Funding for scientific research has become risk-averse, favoring established researchers pursuing incremental discoveries, critics say. From a report: In August President Biden signed into law a massive boost to scientific research: roughly $200 billion, when fully funded, over the next several years. The bipartisan law’s premise is straightforward. In the long run economic growth depends on innovation, which in turn flows from how much we spend on research and development. The problem with that premise is the U.S. already spends plenty on R&D, about 3% of gross domestic product in recent years. That exceeds the peaks of the early 1960s during the space race. But the fruits of that effort have been elusive. Total factor productivity, the best metric for innovation’s contribution to growth, grew just 0.5% a year over the past decade, half its rate of the 1960s. Other evidence suggests breakthroughs, such as new drug discoveries, are becoming more expensive and time-consuming, and researchers spend ever more years acquiring training and experience before achieving novel discoveries. In other words, the U.S. is getting progressively less bang for its scientific buck.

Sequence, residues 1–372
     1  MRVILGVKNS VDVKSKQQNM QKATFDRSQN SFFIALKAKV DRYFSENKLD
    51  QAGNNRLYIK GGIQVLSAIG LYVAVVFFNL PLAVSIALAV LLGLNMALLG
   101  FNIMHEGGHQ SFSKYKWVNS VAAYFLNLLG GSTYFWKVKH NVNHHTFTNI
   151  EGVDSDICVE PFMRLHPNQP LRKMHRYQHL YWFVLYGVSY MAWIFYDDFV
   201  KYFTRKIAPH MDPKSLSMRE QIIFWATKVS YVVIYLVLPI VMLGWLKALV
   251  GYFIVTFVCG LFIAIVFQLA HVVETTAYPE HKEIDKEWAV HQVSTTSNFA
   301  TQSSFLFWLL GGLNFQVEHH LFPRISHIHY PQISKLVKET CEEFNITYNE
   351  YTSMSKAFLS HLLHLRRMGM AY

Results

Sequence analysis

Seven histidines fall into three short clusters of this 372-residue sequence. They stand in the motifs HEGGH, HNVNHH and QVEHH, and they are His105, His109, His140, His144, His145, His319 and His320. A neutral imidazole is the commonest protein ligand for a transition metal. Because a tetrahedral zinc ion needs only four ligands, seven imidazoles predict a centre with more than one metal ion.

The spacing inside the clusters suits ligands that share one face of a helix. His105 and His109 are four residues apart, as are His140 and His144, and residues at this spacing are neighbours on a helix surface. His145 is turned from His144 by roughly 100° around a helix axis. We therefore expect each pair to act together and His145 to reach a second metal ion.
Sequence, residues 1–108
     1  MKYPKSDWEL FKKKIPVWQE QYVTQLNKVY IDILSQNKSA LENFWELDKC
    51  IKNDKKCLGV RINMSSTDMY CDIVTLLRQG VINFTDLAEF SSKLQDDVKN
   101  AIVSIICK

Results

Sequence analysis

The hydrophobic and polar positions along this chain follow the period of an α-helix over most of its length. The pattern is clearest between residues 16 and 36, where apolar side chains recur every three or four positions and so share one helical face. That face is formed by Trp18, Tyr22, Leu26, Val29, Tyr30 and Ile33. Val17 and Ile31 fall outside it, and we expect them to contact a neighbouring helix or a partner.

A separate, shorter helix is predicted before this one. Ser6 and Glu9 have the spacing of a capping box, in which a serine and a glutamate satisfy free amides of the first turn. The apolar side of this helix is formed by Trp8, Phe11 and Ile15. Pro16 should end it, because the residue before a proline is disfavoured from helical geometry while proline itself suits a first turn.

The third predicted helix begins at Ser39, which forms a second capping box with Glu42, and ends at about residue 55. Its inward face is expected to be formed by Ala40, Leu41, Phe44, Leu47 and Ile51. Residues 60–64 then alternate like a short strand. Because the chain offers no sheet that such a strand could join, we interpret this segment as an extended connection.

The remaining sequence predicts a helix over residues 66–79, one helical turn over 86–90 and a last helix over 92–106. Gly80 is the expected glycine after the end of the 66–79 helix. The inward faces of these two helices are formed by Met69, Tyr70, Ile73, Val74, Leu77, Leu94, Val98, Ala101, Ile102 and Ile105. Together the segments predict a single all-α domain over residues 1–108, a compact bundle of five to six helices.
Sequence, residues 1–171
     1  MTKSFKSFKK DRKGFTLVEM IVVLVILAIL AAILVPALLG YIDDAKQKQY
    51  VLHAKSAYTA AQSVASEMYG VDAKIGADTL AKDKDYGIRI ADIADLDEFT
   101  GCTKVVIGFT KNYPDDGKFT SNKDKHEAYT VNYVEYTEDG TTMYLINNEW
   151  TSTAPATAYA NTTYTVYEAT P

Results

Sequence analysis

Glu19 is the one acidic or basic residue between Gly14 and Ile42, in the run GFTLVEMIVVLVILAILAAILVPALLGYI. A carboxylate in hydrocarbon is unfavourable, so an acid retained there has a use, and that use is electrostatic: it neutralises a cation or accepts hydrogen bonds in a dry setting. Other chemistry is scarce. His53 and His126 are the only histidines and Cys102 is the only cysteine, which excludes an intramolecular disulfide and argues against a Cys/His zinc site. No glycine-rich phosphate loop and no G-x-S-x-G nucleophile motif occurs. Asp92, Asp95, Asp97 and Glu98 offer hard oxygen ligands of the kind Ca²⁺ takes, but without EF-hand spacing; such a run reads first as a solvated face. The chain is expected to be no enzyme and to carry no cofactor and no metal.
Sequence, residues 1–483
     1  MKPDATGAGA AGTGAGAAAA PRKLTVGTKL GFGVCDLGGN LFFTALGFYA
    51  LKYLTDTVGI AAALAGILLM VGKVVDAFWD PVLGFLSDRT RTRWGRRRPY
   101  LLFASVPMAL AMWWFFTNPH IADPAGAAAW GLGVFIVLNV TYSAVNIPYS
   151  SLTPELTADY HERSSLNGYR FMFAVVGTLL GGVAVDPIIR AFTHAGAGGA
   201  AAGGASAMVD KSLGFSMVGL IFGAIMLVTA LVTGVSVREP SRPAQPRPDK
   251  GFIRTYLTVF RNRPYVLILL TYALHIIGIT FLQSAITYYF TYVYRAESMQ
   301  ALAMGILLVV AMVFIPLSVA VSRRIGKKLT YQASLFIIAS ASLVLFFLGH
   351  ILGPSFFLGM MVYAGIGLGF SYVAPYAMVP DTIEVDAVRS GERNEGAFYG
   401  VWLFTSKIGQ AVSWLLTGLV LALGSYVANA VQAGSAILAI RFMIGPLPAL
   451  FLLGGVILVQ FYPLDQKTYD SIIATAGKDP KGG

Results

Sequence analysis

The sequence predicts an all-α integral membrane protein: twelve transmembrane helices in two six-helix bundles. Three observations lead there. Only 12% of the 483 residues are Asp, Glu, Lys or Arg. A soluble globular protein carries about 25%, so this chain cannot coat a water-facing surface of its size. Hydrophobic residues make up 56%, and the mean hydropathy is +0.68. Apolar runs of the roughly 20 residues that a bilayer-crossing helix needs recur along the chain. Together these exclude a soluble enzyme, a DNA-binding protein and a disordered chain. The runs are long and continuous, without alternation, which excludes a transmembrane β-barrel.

Patrick Collison, the Irish-born co-founder of payments technology company Stripe, has spent a lot of the past five years pondering the problem of declining scientific productivity. One popular theory he rejects: the most important discoveries have been made and new insights are more incremental and difficult. That might be true of individual fields, such as physics, but can’t be true generally, he argues. “Every discovery opens up new frontiers and new questions and new possible avenues of investigation,” he said in an interview. “The surface area of our knowledge is continually expanding. Just like we are not exhausting the creative possibilities of the English language, because words can be combined in an infinite number of ways, it does not seem to me we are running out of possibilities of discovery in computer science.”

Research inputs — dollars and hours spent — are a lousy measure of innovation, he added. It doesn’t require more resources to make a hit movie or bestselling novel than a dud. The most innovative companies aren’t necessarily the biggest spenders. Tesla’s R&D spending in the past three years is 13% of that of General Motors and Ford Motor combined. Yet Tesla’s market value is more than five times its two rivals.’ Clearly, scientific productivity has something to do with how research is done, not how much. One culprit, in the view of Mr. Collison and many others, is that the institutions that fund science have become process-oriented, narrow-minded and risk-averse. Wary of failure, they favor established researchers pursuing narrowly focused, incremental ideas over younger scientists with more heterodox agendas.

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